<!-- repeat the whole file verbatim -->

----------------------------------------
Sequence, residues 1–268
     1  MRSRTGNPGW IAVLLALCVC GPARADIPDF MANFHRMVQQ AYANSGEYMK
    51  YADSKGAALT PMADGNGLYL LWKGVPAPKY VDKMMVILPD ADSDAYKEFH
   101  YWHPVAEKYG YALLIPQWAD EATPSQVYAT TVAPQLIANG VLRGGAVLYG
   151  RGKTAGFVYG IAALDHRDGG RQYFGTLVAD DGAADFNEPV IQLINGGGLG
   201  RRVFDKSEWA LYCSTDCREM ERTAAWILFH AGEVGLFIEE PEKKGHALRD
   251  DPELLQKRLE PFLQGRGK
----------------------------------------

Sequence, residues 1–268
     1  MRSRTGNPGW IAVLLALCVC GPARADIPDF MANFHRMVQQ AYANSGEYMK
    51  YADSKGAALT PMADGNGLYL LWKGVPAPKY VDKMMVILPD ADSDAYKEFH
   101  YWHPVAEKYG YALLIPQWAD EATPSQVYAT TVAPQLIANG VLRGGAVLYG
   151  RGKTAGFVYG IAALDHRDGG RQYFGTLVAD DGAADFNEPV IQLINGGGLG
   201  RRVFDKSEWA LYCSTDCREM ERTAAWILFH AGEVGLFIEE PEKKGHALRD
   251  DPELLQKRLE PFLQGRGK